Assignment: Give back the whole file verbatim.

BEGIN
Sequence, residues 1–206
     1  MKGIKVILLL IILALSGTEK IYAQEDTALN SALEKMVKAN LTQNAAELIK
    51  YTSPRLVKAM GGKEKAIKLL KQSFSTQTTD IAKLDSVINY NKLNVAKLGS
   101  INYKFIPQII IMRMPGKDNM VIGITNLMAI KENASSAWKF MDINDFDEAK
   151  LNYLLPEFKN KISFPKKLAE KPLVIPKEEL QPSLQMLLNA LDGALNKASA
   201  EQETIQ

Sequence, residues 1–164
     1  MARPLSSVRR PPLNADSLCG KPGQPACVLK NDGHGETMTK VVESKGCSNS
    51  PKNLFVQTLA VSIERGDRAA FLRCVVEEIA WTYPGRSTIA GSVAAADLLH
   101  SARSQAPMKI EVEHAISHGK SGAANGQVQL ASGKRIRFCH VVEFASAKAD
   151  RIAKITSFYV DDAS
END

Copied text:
Sequence, residues 1–206
     1  MKGIKVILLL IILALSGTEK IYAQEDTALN SALEKMVKAN LTQNAAELIK
    51  YTSPRLVKAM GGKEKAIKLL KQSFSTQTTD IAKLDSVINY NKLNVAKLGS
   101  INYKFIPQII IMRMPGKDNM VIGITNLMAI KENASSAWKF MDINDFDEAK
   151  LNYLLPEFKN KISFPKKLAE KPLVIPKEEL QPSLQMLLNA LDGALNKASA
   201  EQETIQ

Sequence, residues 1–164
     1  MARPLSSVRR PPLNADSLCG KPGQPACVLK NDGHGETMTK VVESKGCSNS
    51  PKNLFVQTLA VSIERGDRAA FLRCVVEEIA WTYPGRSTIA GSVAAADLLH
   101  SARSQAPMKI EVEHAISHGK SGAANGQVQL ASGKRIRFCH VVEFASAKAD
   151  RIAKITSFYV DDAS